February 22, 2017
An Accounting Standards Update (ASU) provides guidance about how to account for costs incurred in a cloud computing or hosting arrangement. In April 2015, the Financial Accounting Standards Board (FASB) issued ASU 2015-05, Intangibles – Goodwill and Other – Internal-Use Software (Subtopic 350-40): Customer’s Accounting for Fees Paid in a Cloud Computing Arrangement. The ASU is effective for fiscal years beginning after Dec. 15, 2015, for all entities, including interim periods within those annual periods for public business entities. An entity can elect to adopt the amendments either retrospectively or prospectively to all agreements entered into or materially modified after the effective date. Early adoption is permitted.
Summary Provisions of the Update
The ASU provides clarified guidance on how to account for licensing of software products when the software resides on the vendor’s or a third party’s hardware and is accessed on an as-needed basis via the Internet or a dedicated line defined as a “hosting arrangement.” Specific criteria were established to determine if a hosting arrangement includes the sale of a software license or just a service contract.
Specifically, a hosting arrangement is considered to include the sale of a software license only if both of the following criteria are met:
If these criteria are not met, the hosting arrangement is considered a service contract and separate accounting (capitalization) of a license is not permitted, rather costs incurred are required to be expensed over the term of the agreement.
When these criteria are met, the portion of the agreement relating to the purchase of a software license may be capitalized, consistent with the acquisition of other software licenses. Costs incurred will be allocated between the license and the hosting elements based upon the relative fair value of each element.
The guidance does not specifically address how costs incurred in connection with a hosting arrangement, for example, implementation and other upfront costs, should be accounted for. Accordingly, these costs should be analyzed to consider the nature of the service provided and determine the accounting based on existing general accepted accounting principles.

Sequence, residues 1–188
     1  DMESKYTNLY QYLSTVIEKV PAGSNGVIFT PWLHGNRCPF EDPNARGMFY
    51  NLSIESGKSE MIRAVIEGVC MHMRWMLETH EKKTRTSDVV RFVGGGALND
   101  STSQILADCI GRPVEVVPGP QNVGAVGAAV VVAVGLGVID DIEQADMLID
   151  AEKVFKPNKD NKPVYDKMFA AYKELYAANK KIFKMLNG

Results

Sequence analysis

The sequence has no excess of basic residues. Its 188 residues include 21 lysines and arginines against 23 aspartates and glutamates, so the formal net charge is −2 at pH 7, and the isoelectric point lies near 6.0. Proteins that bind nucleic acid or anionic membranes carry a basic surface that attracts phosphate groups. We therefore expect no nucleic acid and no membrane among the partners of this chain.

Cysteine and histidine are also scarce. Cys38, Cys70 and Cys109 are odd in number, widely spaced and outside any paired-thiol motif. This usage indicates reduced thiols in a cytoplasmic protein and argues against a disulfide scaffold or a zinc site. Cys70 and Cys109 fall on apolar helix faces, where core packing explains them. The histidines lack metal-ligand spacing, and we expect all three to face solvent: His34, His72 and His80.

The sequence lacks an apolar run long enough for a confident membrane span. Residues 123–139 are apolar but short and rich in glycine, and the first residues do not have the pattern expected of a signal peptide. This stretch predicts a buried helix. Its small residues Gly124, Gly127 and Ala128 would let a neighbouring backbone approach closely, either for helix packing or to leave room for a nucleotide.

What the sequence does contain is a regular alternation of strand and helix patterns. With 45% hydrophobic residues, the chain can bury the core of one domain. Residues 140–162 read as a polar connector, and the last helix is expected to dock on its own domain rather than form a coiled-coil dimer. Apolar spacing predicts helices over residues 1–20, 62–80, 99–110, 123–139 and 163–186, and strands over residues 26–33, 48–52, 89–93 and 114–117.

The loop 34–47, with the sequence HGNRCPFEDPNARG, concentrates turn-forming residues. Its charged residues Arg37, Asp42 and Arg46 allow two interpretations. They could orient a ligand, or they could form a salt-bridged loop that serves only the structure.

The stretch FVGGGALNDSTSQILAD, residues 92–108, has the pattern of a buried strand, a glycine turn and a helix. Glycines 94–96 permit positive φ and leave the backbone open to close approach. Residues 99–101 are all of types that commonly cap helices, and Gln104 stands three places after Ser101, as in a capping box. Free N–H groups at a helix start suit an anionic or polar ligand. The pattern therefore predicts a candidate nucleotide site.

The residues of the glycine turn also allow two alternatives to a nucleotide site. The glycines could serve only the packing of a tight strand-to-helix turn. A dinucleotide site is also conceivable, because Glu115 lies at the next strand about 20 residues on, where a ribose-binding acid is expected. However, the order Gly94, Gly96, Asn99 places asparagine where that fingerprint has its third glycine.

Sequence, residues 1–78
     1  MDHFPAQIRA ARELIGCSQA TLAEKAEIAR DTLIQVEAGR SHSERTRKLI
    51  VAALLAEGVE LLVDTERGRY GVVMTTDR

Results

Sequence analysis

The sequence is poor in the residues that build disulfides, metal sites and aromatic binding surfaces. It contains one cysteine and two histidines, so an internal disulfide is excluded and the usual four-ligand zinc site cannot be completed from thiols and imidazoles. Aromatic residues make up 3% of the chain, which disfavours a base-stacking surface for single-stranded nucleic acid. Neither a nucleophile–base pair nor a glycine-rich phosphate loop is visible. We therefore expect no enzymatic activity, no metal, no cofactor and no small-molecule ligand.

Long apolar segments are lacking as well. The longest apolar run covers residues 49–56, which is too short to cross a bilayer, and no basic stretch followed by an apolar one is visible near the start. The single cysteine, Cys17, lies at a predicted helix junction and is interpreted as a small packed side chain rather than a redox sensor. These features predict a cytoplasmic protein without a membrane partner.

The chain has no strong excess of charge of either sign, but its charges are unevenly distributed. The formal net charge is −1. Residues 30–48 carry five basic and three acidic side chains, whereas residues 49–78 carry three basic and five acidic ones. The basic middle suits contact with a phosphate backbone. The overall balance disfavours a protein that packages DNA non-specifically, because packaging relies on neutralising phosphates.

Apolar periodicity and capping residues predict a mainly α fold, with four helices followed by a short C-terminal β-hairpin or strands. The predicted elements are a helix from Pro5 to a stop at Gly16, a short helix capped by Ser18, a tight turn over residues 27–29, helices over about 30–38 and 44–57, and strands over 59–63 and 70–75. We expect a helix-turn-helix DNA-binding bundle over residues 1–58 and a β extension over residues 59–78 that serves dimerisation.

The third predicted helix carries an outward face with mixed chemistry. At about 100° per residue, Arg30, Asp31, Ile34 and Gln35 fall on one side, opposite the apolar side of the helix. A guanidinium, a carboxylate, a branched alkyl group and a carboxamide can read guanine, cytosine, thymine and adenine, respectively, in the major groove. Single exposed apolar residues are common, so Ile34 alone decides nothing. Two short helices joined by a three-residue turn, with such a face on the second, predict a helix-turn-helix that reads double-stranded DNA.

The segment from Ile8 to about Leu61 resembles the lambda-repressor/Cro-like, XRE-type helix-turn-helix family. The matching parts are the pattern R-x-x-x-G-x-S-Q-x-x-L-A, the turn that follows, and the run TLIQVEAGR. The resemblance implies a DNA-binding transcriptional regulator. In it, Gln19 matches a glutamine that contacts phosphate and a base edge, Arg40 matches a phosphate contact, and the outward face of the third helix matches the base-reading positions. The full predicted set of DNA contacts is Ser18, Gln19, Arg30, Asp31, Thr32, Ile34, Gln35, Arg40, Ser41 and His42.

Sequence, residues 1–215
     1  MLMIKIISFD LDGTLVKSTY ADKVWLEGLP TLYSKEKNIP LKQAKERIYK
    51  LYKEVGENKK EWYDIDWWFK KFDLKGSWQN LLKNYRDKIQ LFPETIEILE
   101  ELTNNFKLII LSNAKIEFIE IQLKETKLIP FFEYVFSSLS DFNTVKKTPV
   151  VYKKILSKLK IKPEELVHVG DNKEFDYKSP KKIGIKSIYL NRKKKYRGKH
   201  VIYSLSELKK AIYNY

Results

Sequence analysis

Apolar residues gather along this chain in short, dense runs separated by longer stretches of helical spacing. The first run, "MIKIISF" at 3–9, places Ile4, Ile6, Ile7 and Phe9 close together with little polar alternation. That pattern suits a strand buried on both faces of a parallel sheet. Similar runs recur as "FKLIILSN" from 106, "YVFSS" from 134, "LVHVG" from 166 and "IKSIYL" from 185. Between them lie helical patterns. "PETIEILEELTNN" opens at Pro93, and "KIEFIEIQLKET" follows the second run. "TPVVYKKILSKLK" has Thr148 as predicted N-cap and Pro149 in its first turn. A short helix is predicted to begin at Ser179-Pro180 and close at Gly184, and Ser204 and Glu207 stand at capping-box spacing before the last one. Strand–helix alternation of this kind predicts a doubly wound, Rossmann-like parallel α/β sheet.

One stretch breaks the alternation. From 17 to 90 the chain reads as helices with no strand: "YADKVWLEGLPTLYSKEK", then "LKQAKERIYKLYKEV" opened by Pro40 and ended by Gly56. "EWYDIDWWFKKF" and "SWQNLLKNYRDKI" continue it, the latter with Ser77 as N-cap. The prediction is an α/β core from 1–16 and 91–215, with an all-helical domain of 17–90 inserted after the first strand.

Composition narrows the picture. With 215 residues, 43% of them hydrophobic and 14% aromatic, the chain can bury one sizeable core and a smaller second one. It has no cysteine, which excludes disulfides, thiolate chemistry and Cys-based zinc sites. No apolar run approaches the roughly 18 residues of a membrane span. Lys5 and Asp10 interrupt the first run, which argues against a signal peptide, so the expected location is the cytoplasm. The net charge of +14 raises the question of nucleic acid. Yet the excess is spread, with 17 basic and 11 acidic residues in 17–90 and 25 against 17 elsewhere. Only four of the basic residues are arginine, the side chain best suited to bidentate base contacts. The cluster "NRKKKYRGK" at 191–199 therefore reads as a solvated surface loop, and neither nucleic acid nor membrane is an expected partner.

Key Considerations for Health Care Organizations
Many health care organizations are entering into arrangements that provide for the utilization and hosting of software for electronic health records, billing, general ledger and other systems. These contracts often include significant upfront implementation costs which may have previously been capitalized and, as a result of the guidance, portions or all of these costs may now be expensed as incurred. Health care organizations should review the terms of their cloud computing agreements and hosting arrangements entered into or modified after the effective date of the ASU and consider any potential financial reporting implications. Careful consideration should be made to understand and define services received during implementation in order to be recognized in the appropriate period regardless of whether a software license exists.
A hospital has entered a hosting arrangement with a vendor for their electronic health records (EHR) system. The hospital will have access to software licenses and monthly maintenance support from the vendor for the five-year term of the agreement. The EHR system will be hosted on the vendor’s servers. Management has reviewed the agreement and determined that it does not include the sale of a software license. Below is a breakdown of the costs associated with the agreement and the related accounting treatment. This example assumes all costs aside from the monthly usage fee are paid upfront during the implementation phase.
Using the same example as above, it is now assumed that management has determined the agreement contains the purchase of a software license. In this situation, the costs assigned to the different categories, including software and equipment, are based on the relative fair value of each item in relation to the total cost incurred. The accounting treatment would be as follows: